Philip Hygate: Annus horribilis of Isles of Scilly Council's chief
Philip Hygate had one main ambition - to become the current longest serving council chief executive in England.
With 20 years under his belt at the small but fiercely independent Council of the Isles of Scilly, and five years to retirement, he was well on his way to achieving that ambition.
But then came 2012 - his "annus horribilis" - and his surprisingly swift fall from grace in the paradise islands set in an azure sea.
Mr Hygate is leaving his job by "mutual agreement" and with a year's salary of more than £80,000. But he will be bitter.
His supporters point to the millions of pounds brought in to build a new school on St Mary's during his tenure.
Millions more are earmarked to improve the quay in the harbour on St Mary's and to bring the vital airport on the main island up to date.
'Climate of fear'
They say that was due to his forceful personality and that he had been a powerful force for good on the islands.
But Mr Hygate's detractors say there has been a "climate of fear", leading to the islands being branded "toxic" by a national newspaper.
They blame Mr Hygate, though he has always strongly rejected the idea that the "climate of fear" was anything to do with him.
At the start of 2012, Philip Hygate seemed secure in his post despite the rumours of people too frightened to speak out in case they lost their job with the council, or lost out on a vital contract with the council.
But then came May and the suspension of the head teacher of the Five Islands School, Bryce Wilby.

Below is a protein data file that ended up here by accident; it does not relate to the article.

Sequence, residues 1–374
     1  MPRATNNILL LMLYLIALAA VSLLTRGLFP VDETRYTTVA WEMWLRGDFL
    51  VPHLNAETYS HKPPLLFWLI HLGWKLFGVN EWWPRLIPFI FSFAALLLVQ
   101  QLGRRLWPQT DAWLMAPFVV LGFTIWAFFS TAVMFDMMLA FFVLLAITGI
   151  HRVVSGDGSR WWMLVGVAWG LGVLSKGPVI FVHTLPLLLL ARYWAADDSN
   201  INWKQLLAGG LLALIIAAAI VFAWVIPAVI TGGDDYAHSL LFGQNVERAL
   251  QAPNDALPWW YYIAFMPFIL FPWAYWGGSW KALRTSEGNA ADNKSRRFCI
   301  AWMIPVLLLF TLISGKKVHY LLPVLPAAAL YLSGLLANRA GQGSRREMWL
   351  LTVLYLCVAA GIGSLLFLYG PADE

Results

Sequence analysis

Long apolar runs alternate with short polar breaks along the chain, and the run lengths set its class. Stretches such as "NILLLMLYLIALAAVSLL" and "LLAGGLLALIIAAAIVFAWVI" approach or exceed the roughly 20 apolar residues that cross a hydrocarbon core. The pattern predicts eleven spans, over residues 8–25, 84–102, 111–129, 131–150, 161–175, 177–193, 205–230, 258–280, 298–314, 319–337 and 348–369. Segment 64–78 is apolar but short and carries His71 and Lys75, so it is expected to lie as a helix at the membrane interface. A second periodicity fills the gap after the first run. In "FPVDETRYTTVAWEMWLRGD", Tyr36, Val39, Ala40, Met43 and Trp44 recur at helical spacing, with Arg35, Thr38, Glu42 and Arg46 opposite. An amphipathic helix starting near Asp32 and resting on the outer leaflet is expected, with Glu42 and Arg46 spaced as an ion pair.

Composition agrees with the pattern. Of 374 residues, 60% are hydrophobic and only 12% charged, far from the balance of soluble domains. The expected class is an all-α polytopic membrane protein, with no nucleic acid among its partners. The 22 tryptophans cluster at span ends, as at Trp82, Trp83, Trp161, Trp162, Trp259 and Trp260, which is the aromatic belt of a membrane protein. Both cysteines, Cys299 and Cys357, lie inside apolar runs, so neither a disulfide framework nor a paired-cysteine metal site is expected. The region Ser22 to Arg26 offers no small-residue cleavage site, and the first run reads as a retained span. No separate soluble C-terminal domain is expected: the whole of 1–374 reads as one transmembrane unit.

Mr Hygate was accused of taking too forceful a role in the suspension, though he insists he only did his job as chief officer in advising the school's governors of their legal options.
This was the start of his problems with the chairman of the council, Mike Hicks.
Mr Hicks angrily declared he had not been kept properly informed by the chief executive.
Over the summer and the autumn, the chairman repeated the accusation of being kept out of the loop when there were major hiccoughs over the report into the allegations about the conduct of the head teacher, all of which Mr Wilby denied.
Finally, in October, Mr Hicks could take no more.
In a short but awkward meeting, he informed the chief executive that their working relationship had broken down irretrievably.
Mr Hygate was stunned, insisting that they could continue to work together.
But he was summoned to a meeting of the council's Policy and Recourses Committee which handles personnel matters.
His lawyer Peter Keith-Lucas insisted that the committee had no power to decide whether or not to suspend his client.
That role, he said, lay properly with the full council. He claimed they would be breaking the law if they went ahead.
Councillors disagreed and, after a long and heated debate, Mr Hygate was "neutrally suspended" on full pay.
The idea was to appoint a costly independent investigator to look into the chairman's allegations and to see whether disciplinary action should or should not be taken.
But that never happened. Instead, intense negotiations followed and a deal was struck. Mr Hygate leaves his job by "mutual agreement" and with a golden goodbye.
What of his legacy? There is no doubt his supporters will gaze fondly on the bright new school and other projects around the islands and regret his passing.
His opponents though say they will be hoping for a new era of open government with an end to the "climate of fear" they say prevailed for too long.
But the real legacy might be less independence for the council.
Eric Pickles, the Secretary of State for Communities and Local Government, likes to see councils cut costs by sharing chief executives.
And he may take this opportunity to insist Scilly merges its chief executive's job with that of neighbouring Cornwall Council.